Update(4:30pmET): The State Department on Saturday updated its advisory for American citizens in Russia, urging them to leave "immediately". It comes after a prior notification from the embassy on Wednesday which advised that they should "consider" exiting the country.
Below are the opening paragraphs the State Department's new travel warning, coming the same day it was revealed that American WNBA and former Olympic star Brittney Griner was detained at Sherematyevo International outside Moscow [emphasis in original travel warning]:
Do not travel to Russia due to the unprovoked and unjustified attack by Russian military forces in Ukraine, the potential for harassment against U.S. citizens by Russian government security officials, the Embassy’s limited ability to assist U.S. citizens in Russia, COVID-19 and related entry restrictions, terrorism, limited flights into and out of Russia, and the arbitrary enforcement of local law. U.S. citizens should depart Russia immediately.
U.S. citizens residing or traveling in Russia should depart immediately. Limited commercial flight options are still available. Overland routes by car and bus are also still open. If you wish to depart Russia, you should make arrangements on your own as soon as possible. If you plan to stay in Russia, understand the U.S. Embassy has severe limitations on its ability to assist U.S. citizens, and conditions, including transportation options, may change suddenly. U.S. citizens who are able to depart Russia for another country and are in need of emergency assistance upon arrival may contact a U.S. embassy or consulate in that country.
Griner is accused of having drugs on her possession, and it's believed she's already been in Russian custody for a number of days.
#UPDATE US Secretary of State Antony Blinken has visited a crossing on Poland's border with Ukraine where hundreds of thousands of people have been fleeing from advancing Russian forceshttps://t.co/kVFt9nWG85 pic.twitter.com/3PlRW9NCa0— AFP News Agency (@AFP) March 5, 2022
The US advisory also warns US citizens of the impact of sanctions and restricted Russian airline travel across Europe and into the US, saying they "should note that some credit and debit cards may be declined as a result of sanctions imposed on Russian banks. Also, there are some reports of cash shortages within Russia. U.S. citizens should make an alternative plan for access to money and finances if remaining in Russia."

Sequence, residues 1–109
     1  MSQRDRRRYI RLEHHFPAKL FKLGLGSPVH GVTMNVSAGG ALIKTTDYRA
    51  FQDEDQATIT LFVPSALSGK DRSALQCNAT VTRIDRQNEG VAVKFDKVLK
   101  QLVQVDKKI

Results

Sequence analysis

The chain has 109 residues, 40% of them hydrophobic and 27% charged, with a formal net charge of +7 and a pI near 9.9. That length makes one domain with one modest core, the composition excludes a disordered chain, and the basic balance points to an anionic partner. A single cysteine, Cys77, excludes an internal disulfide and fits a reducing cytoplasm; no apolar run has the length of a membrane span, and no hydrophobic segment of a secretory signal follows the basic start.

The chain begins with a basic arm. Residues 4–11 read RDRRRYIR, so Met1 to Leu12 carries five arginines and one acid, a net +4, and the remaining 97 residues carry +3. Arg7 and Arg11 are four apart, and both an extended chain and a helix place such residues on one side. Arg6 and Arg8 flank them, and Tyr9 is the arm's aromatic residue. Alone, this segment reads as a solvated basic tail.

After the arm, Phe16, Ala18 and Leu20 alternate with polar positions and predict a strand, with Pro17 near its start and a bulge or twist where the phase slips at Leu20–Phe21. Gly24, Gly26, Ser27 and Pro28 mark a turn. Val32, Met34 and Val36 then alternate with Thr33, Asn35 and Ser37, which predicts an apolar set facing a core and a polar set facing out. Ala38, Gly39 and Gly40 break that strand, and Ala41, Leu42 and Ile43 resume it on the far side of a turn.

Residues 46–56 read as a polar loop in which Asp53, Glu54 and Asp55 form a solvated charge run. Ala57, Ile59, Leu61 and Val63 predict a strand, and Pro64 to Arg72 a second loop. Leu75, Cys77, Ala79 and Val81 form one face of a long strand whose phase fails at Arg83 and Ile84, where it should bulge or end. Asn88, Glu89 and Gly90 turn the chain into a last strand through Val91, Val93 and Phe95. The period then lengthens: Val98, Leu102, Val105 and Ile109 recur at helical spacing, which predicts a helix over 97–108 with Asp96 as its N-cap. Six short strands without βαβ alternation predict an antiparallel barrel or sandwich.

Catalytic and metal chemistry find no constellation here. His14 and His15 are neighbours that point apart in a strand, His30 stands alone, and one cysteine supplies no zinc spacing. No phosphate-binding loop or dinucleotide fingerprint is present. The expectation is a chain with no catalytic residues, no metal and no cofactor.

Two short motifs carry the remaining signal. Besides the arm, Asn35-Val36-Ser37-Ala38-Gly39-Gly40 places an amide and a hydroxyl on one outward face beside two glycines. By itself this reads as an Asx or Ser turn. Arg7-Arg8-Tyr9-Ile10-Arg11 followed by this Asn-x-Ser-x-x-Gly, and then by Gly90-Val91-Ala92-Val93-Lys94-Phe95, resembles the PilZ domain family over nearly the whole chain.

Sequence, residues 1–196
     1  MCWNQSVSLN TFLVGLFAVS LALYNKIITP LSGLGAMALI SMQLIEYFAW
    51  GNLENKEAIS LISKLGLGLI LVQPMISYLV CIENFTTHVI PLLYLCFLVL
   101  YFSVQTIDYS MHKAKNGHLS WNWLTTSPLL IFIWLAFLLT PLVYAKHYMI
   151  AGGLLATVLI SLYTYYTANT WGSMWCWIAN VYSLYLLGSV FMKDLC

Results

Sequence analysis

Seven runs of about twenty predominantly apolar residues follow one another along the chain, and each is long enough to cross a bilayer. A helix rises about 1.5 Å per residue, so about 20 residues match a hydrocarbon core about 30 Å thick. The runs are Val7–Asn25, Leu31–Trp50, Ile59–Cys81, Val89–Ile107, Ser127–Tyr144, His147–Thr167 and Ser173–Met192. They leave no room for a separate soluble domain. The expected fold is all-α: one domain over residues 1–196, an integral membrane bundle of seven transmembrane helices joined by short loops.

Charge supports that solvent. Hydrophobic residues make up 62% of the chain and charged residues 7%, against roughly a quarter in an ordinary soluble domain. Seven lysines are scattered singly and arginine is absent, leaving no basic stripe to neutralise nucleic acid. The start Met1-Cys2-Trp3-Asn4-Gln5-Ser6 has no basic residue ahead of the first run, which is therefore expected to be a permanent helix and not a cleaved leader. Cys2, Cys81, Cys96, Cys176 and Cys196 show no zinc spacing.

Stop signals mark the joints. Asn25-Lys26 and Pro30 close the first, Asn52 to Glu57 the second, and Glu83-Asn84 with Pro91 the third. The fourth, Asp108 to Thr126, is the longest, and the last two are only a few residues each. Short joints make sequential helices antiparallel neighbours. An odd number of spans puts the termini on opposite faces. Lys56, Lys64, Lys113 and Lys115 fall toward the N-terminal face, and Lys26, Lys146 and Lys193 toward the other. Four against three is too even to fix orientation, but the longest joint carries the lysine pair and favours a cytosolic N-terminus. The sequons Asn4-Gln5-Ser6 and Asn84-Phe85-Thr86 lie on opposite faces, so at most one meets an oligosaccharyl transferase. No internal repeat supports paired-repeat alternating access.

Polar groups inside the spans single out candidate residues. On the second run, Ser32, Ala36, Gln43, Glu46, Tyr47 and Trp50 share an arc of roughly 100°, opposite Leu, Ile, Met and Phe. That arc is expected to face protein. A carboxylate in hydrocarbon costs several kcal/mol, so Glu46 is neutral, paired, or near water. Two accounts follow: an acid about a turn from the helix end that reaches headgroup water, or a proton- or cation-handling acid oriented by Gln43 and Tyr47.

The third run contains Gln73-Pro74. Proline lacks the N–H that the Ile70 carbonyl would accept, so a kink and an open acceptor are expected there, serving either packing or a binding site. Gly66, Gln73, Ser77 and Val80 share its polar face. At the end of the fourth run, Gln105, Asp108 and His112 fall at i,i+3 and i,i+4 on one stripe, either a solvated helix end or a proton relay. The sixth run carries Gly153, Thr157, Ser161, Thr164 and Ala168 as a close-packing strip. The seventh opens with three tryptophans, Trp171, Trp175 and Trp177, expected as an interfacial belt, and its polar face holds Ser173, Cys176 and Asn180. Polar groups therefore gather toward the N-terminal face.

The war-footing rhetoric between Moscow and Washington is also growing hotter, with Vladimir Putin in a Saturday speech warning that any country contemplating a no-fly zone in Ukraine would be met with an immediate declaration of war by Russia.
More and more battlefield footage has emerged from Ukraine in the past two days showing Russian aircraft shootdowns, suggesting that its air force may be taking a harder hit than the Kremlin expected.
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Update(10:21amET): Ukraine's President Zelensky and his top officials have over the past days been very openly urging a US and NATO imposed no-fly zone over the country, which would effectively bring American forces into a direct shooting war with Russia. On Saturday Russian President Putin issued a stern threat to any external power thinking about intervening by sending direct military forces.
Putin made clear a no-fly zone would result in the Kremlin's immediate declaration of war on any country intervening in such a way. The AP reported and translated his fresh comments made before civilian aviation industry members and pilots as follows:
A no-fly-zone would spell war for any third party who tries to enforce one over Ukraine, Vladimir Putin has said.
Speaking at a meeting with female pilots on Saturday, Putin said Russia would view “any move in this direction” as an intervention that "will pose a threat to our service members.”
“That very second, we will view them as participants of the military conflict, and it would not matter what members they are,” the Russian president said.
Further he addressed the ratcheted up sanctions on Russia from the West, which are now serving to isolate Russia almost on levels akin to the US sanctions regimen on Iran - with of course the important exception that the US has not yet directly targeted Russian oil and gas exports.